The latest model is of course the sharpest - but only available in M mount (you don't say if you need LTM or M). I have long said they should have produced the latest Elmar in LTM, but Leica know best.

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Thanks for all those replies! I am going to buy a M2,M4 or M4-P and I intend to buy a lens to go with it.This will be my first M camera,so wish me luck.

Ta DM

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Guest Lotw
I would disagree with the comments by Lotw and assume the he actually had a not such a good example if that was his experience.

 

Of course that could be, I might still prefer it above a cv then, also because it collapses, which is a good reason in itself to want it. Few dealers would not admit you to take some shots with it on film before buying

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I have the impression that the collapsibles give a slightly unpleasant bokeh. Haven't owned one myself, though. Mainly because I have had only Bessa R2 and M5.

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I own a new generation collapsible Elmar. It produces beautiful pictures with a very pleasant "plasticity"; however, what really impresses me is its sharpness for such a small and low-cost lens. It is one of the best value for money lens among the 50mm's.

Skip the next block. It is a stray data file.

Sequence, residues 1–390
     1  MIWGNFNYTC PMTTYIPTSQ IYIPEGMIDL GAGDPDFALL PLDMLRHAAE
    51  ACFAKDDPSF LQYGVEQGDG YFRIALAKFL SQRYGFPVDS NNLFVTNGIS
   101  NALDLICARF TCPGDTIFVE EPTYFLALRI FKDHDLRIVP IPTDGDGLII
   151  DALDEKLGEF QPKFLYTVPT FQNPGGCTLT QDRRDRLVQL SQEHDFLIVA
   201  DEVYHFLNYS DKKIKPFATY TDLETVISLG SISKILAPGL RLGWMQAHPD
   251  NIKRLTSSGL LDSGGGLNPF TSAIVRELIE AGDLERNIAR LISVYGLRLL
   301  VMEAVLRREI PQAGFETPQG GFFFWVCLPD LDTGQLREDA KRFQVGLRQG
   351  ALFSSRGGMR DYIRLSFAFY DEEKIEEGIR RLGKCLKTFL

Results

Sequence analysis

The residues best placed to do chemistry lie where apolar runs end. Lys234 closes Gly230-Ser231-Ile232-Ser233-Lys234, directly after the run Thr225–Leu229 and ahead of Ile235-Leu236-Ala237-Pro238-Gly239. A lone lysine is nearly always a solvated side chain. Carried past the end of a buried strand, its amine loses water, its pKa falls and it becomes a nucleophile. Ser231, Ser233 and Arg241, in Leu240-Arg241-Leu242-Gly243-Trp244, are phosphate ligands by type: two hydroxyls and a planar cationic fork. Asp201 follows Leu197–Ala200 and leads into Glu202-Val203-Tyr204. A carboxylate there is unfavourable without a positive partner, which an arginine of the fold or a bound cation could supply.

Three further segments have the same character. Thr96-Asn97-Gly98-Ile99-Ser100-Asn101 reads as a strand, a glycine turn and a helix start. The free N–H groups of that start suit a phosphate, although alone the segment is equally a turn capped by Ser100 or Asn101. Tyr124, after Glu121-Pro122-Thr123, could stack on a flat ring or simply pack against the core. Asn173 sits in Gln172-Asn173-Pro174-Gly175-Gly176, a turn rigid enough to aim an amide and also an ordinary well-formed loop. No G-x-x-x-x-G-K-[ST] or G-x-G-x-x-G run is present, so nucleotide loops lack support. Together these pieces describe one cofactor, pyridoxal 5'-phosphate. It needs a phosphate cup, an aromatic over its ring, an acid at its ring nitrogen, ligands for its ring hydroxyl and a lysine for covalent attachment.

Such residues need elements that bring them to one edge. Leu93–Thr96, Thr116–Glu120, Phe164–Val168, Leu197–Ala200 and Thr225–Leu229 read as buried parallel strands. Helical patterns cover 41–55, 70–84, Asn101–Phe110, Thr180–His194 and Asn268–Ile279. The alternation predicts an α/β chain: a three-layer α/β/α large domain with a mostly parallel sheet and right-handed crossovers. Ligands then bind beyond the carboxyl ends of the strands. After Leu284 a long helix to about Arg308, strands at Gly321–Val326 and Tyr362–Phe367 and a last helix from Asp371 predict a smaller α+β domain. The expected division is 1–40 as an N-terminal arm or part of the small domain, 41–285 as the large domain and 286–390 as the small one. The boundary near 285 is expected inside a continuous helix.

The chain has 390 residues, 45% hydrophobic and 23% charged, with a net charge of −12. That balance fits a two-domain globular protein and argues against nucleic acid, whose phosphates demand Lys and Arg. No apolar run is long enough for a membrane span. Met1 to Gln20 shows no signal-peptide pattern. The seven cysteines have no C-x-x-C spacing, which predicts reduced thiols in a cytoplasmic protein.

Paul

 

Second that. The collapsible is my "desert island" lens---when I only have room in my carry-on bag for one camera and lens, that's the one I take. It ends up getting used a lot, and I like the photos it takes. Shame they discontinued it, but there are still a lot of them in the retail pipeline.

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the latest version 2.8/50 is a killer lens....probably hte best value for money lens available form Leica...buy it.

 

andy

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the latest version 2.8/50 is a killer lens....probably hte best value for money lens available form Leica...buy it.

 

andy

 

Only problem with it here in UK was that they priced it exactly the same as the Summicron, whereas in other markets I am pretty sure it was cheaper.

I have had the earlier 2.8 since I bought one with my M3 in '68, swopped it for a screw one a couple of years ago and it gets frequent use on the III, and its great for enlarging and close up too, lovely lens.

 

Gerry

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the latest version 2.8/50 is a killer lens....probably hte best value for money lens available form Leica...buy it.

 

andy

 

Here's a page from the removed on-line technical data sheet for the lens.

 

Paul

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Guest Lotw

atournas,

do you happen to have the weight of the black and the silver version from this document?

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The original 50 2.8 is virtually identical in performance to the DR and Rigid Summicrons, just lacking 2.0.

 

The recently discontinued one is a much more modern lens, very sharp without being harsh.

 

You have the watch the old lenses as some are pretty dirty inside and scratched and they do not preform up to original standards. They are really nice if you find a good one.

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50mm 2.8.pdf

 

Bl =170 gr

Ch = 245 gr

 

50mm/2.8 collapsable is a very nice lens

 

Eelco